UNWANTED PREGNANCY & ABORTION
Sexual promiscuity is disturbingly commonplace in modern American culture—so we shouldn’t be surprised when teenage pregnancy rates are staggering and abortion is considered a “legitimate medical procedure.” In the ultimate “war on women”, pop culture turns women into nothing more than sexual objects (turn on any pop radio station for an example…), and makes a mockery of the values of chastity and purity. Premarital sex is encouraged if not glorified, resulting in unwanted pregnancy and all too often, abortion.
The federal government assists groups like Planned Parenthood that only encourage this kind of promiscuity by providing free (and often faulty) birth control. This does not solve the problem, but instead encourages it and keeps it thriving. Why don’t Americans revive purity—instead of mocking and degrading it? Why don’t we teach girls and young women the importance of purity, the value of saving themselves for marriage, and the dangers of promiscuous and irresponsible behavior? Why don’t we teach our girls and women that they are more than sexual objects—and why don’t we shun forms of supposed “entertainment” that degrade women to such levels?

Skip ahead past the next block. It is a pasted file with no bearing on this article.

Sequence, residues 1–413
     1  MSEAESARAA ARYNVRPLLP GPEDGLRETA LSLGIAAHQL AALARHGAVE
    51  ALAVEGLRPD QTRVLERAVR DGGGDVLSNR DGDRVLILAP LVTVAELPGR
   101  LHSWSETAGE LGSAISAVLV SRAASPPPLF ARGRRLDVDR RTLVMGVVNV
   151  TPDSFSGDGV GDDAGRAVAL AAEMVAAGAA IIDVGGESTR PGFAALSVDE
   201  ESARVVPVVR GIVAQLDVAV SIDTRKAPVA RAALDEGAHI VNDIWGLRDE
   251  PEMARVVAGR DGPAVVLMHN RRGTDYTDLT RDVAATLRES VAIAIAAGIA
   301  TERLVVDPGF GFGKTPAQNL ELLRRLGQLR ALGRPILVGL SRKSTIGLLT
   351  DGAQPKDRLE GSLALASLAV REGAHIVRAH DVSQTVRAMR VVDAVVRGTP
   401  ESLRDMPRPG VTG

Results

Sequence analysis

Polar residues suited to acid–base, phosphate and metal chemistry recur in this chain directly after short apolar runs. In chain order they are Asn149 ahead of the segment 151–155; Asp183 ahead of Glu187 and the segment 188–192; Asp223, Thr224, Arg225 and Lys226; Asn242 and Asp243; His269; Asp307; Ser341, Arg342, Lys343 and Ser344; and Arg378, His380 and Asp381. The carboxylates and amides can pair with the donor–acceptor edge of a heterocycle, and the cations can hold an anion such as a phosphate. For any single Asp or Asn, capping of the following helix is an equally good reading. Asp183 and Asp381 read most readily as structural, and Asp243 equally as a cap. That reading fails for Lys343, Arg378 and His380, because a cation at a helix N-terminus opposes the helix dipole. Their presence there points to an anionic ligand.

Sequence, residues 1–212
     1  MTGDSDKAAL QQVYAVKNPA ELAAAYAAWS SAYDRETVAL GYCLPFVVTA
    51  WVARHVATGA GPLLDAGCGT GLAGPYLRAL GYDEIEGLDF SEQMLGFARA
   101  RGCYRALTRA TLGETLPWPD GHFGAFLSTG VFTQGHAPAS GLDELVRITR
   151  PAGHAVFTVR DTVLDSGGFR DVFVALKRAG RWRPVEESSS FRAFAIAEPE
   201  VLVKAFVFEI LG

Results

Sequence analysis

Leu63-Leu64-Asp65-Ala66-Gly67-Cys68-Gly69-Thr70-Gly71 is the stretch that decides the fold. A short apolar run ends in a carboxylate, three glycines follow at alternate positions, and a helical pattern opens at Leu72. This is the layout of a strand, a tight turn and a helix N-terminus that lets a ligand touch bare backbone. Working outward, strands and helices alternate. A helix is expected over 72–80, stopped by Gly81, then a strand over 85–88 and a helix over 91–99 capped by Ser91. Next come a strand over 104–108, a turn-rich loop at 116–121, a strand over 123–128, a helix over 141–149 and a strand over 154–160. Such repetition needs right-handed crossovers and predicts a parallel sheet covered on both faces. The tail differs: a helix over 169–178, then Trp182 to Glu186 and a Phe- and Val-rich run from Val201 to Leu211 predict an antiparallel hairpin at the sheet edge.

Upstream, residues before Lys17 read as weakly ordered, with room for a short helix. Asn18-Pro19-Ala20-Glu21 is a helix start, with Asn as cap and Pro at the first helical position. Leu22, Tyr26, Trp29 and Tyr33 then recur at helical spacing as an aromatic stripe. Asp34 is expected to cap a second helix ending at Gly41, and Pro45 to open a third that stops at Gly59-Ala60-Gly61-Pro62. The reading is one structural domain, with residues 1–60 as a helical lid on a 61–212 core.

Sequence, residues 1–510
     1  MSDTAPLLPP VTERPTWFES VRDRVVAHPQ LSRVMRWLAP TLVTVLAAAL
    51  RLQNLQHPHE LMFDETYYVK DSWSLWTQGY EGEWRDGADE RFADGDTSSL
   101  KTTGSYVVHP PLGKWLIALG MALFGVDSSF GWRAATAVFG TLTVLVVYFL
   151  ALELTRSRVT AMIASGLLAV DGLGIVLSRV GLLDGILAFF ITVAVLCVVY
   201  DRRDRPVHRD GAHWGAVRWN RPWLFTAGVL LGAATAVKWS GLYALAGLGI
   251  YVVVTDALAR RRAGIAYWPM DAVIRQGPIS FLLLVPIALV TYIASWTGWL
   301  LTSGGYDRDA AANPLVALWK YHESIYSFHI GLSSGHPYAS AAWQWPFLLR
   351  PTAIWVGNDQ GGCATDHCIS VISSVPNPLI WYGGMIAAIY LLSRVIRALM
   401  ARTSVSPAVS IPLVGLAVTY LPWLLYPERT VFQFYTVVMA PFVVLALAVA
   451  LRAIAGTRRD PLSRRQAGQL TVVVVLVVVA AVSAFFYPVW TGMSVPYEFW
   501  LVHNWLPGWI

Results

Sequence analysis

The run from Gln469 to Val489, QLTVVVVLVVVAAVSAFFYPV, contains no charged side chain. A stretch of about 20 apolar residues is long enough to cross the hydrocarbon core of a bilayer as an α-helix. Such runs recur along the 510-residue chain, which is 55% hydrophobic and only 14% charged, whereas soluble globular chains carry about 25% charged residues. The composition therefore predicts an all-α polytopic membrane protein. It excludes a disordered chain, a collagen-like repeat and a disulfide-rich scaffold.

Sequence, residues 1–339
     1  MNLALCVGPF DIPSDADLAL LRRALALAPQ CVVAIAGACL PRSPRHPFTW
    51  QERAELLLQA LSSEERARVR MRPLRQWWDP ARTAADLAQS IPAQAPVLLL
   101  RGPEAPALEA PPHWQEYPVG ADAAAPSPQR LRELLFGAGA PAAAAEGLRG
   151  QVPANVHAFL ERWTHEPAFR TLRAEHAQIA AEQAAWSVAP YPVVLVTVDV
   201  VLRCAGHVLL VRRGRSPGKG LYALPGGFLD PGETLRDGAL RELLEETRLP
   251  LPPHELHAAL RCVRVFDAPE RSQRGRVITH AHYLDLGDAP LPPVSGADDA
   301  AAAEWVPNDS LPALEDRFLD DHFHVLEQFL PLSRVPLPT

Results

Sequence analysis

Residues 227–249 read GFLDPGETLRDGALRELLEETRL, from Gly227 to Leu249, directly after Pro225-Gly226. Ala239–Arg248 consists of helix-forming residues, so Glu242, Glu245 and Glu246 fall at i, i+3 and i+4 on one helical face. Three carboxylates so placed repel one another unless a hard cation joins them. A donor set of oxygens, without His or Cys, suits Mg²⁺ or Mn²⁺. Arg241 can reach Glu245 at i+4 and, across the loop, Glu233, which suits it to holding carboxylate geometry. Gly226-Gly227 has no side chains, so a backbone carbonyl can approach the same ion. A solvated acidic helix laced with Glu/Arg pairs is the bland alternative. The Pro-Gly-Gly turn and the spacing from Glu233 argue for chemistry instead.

Looking at you, Michelle Obama. Thanks to the Healthy Hunger-Free Kids Act (another euphemism…) the USDA has the right “to set nutritional standards for all foods regularly sold in schools during the school day, including vending machines, the ‘a la carte’ lunch lines and school stores.” Perhaps it’s admirable that the federal government wants kids eating healthy in an effort to fight obesity and other weight-related health problems. But it’s parents, not the federal government—and I’d even argue not even the child’s school—that are responsible for instilling healthy habits in eating and in exercise in their children. Lack of parental guidance and influence is the void that is lacking and its one that cannot be filled by schools nor government regulations.
In sum, we can legislate and regulate down the very last detail until we’re blue in the face (and at times I think some politicians have accepted that challenge) but unless we reach the root of the problem, we will still see people breaking gun laws to commit violence, the federal government spending remorselessly, abused women and widespread unwanted pregnancies and the travesty of abortion, children devoid of healthy eating habits, and more.
We cannot legislate our way into safety nor prosperity nor comfort nor health. It starts with the individual, parents, and the family. Until we start looking at solutions that address the true cause of our problems, we will continue to slap band-aids over America’s most painful wounds, while in reality those wound are not healing, but growing deeper and more detrimental.
Sarah Hinds | Lindenwood University | @Sarah_Hinds76